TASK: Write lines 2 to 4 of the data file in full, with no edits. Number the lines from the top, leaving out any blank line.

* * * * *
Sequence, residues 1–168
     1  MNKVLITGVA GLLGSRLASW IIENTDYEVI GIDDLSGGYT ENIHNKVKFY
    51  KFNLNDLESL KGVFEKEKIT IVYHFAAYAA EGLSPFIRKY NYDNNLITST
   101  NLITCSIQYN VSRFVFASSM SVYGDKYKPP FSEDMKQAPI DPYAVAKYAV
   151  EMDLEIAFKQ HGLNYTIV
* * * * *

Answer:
     1  MNKVLITGVA GLLGSRLASW IIENTDYEVI GIDDLSGGYT ENIHNKVKFY
    51  KFNLNDLESL KGVFEKEKIT IVYHFAAYAA EGLSPFIRKY NYDNNLITST
   101  NLITCSIQYN VSRFVFASSM SVYGDKYKPP FSEDMKQAPI DPYAVAKYAV